11000084
21005660
31005684
41006102
51006454
61006509
71006759
81006766
91006993
101007015
111007156
121007200
131007289
141007296
151007409
161007566
171007898
181007900
191007903
201007945
211008004
221008006
231008009
241008685
251008886
261009049
271009127
281009191
2910000008
3010000022
3110000025
3210000034
3310000039
3410000064
3510000068
3610000118
3710000144
3810000146
3910000164
4010000181
4110000182
4210000183
4310000184
4410000185
4510000194
4610000236
4710000237
4810000241
4910000242
5010000254
5110000255
5210000256
5310000257
5410000258
5510000259
5610000262
5710000268
5810000281
5910000293
6010000348
6110000360
62proquest
scope
01000001
11000084
21005660
31005684
41006102
51006454
61006509
71006759
81006766
91006993
101007015
111007156
121007200
131007289
141007296
151007409
161007566
171007898
181007900
191007903
201007945
211008004
221008006
231008009
241008685
251008886
261009049
271009127
281009191
2910000008
3010000022
3110000025
3210000034
3310000039
3410000064
3510000068
3610000118
3710000144
3810000146
3910000164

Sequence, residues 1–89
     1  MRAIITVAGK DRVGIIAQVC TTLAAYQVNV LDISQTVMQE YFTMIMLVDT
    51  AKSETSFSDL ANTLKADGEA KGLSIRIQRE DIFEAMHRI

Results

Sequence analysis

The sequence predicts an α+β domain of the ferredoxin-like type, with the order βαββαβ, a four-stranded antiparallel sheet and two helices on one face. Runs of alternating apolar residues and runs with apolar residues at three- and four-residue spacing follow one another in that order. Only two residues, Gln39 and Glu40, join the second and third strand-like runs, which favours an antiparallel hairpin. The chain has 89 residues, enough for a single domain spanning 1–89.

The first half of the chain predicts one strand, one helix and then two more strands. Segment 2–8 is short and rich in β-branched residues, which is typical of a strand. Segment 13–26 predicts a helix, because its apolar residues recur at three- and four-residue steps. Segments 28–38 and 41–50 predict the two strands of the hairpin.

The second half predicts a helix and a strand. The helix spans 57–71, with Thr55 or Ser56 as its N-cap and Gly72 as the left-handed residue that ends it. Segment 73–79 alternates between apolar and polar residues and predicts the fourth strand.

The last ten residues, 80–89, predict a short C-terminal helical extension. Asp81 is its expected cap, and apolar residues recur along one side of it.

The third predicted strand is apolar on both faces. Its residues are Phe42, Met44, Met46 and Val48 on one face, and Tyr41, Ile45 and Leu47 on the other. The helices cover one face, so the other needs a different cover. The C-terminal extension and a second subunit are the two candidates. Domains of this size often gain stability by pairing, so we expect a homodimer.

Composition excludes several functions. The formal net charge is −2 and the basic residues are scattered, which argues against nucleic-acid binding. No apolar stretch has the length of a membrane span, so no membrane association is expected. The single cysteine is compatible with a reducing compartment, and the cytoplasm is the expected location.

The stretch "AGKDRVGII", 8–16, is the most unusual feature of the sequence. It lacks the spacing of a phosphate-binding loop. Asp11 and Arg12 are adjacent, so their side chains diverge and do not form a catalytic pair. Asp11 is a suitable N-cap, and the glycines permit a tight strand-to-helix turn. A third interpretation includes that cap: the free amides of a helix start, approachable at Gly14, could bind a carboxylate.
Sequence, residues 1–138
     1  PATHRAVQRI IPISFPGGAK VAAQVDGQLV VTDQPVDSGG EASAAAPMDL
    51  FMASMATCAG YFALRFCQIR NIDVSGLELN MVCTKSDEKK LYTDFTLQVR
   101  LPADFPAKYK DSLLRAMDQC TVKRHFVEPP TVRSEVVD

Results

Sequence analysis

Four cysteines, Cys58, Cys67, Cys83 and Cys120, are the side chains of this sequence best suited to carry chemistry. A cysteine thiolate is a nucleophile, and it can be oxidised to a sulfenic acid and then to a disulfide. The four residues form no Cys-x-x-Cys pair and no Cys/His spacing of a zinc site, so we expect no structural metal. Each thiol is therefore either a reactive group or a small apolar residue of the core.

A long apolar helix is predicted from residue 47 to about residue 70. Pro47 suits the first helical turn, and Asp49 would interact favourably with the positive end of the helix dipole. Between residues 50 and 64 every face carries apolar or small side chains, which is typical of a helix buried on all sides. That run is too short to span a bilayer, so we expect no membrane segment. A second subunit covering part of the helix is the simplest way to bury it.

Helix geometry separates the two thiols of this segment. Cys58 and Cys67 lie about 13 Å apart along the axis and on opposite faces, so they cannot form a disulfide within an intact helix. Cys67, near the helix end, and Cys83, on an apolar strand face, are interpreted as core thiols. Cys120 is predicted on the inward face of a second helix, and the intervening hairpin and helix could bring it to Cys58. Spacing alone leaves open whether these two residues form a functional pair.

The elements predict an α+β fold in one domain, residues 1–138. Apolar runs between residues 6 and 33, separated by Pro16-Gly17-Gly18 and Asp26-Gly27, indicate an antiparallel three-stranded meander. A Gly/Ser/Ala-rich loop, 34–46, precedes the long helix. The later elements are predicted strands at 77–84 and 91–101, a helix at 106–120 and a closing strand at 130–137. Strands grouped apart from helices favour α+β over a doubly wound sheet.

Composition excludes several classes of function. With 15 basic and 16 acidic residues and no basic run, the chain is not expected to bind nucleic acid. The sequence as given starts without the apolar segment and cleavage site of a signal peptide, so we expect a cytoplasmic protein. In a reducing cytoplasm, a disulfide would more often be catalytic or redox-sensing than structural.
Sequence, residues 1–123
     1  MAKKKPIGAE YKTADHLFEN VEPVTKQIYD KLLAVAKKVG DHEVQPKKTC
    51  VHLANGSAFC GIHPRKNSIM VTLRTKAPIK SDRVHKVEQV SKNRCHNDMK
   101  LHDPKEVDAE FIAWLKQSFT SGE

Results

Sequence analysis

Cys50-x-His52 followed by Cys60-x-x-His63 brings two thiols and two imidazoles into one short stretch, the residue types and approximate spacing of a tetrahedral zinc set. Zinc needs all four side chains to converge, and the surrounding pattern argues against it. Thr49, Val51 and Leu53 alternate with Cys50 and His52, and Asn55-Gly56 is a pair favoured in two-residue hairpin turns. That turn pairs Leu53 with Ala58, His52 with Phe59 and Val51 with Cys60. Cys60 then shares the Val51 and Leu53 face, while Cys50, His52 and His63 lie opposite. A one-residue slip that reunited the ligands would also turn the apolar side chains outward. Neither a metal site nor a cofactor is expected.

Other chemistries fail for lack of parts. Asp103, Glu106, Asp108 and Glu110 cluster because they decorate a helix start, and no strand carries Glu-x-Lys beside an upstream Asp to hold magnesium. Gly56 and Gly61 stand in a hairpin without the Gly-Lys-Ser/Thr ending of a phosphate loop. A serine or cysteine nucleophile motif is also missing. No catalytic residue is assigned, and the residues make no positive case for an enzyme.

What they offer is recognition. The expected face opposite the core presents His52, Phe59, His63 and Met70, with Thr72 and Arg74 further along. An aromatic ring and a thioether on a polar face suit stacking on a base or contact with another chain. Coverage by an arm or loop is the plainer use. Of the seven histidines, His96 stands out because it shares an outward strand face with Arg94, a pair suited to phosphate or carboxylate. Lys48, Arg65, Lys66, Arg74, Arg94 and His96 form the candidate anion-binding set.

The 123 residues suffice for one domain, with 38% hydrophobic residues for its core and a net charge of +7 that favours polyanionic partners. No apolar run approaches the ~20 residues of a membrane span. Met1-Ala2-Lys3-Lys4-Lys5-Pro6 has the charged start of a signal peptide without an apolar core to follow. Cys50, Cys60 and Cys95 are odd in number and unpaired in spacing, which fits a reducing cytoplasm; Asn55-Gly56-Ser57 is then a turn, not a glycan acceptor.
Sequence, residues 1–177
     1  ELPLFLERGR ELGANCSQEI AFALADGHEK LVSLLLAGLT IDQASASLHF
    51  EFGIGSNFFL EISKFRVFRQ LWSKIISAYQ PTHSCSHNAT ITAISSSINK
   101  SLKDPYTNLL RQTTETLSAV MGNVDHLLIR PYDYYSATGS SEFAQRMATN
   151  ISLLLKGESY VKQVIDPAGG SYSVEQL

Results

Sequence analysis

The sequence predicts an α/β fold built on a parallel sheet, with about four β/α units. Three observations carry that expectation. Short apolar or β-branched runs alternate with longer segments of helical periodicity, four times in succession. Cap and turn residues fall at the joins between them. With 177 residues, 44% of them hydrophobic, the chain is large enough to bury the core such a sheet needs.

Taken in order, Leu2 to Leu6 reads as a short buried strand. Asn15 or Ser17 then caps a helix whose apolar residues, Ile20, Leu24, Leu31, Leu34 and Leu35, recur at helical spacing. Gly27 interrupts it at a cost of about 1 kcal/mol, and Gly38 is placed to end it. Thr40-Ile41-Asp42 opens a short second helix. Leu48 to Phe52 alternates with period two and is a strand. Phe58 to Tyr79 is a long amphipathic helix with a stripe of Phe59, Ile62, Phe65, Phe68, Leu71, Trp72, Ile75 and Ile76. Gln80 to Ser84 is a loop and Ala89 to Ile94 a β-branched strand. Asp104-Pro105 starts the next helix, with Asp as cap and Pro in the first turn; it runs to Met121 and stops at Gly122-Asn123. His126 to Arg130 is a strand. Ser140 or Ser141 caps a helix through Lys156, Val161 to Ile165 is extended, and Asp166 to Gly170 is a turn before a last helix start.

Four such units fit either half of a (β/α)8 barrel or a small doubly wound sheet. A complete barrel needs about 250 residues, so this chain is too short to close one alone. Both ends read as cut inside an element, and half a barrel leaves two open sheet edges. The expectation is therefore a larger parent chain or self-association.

4010000181
4110000182
4210000183
4310000184
4410000185
4510000194
4610000236
4710000237
4810000241
4910000242
5010000254
5110000255
5210000256
5310000257
5410000258
5510000259
5610000262
5710000268
5810000281
5910000293
6010000348
6110000360
62proquest
lsr43
01000001true
11000084false
21005660true
31005684true
41006102true
51006454true
61006509true
71006759true
81006766true
91006993true
101007015true
111007156true
121007200true
131007289true
141007296true
151007409false
161007566false
171007898true
181007900true
191007903true
201007945true
211008004true
221008006true
231008009true
241008685true
251008886true
261009049true
271009127true
281009191true
2910000008true
3010000022true
3110000025true
3210000034true
3310000039true
3410000064true
3510000068true
3610000118true
3710000144false
3810000146false
3910000164true
4010000181true
4110000182true
4210000183true
4310000184true
4410000185false
4510000194true
4610000236true
4710000237true
4810000241true
4910000242true
5010000254true
5110000255true
5210000256true
5310000257true
5410000258true
5510000259true
5610000262true
5710000268true
5810000281true
5910000293true
6010000348true
6110000360true
startdate20181201
enddate20181201
citationpf 422 vol 40 issue 3
lsr30VSR-Enriched:[pqid, pages, galeid]
sort
titleDeconstructing the Palm Oil Industry Narrative in Indonesia: Evidence from Riau Province
authorTyson, Adam ; Varkkey, Helena ; Choiruzzad, Shofwan
creationdate20181201
lso0120181201
facets
frbrgroupid7849595578362928157
frbrtype5
newrecords20190110
languageeng
creationdate2018
topic
0Indonesia
1Jakarta Indonesia
2Rural Development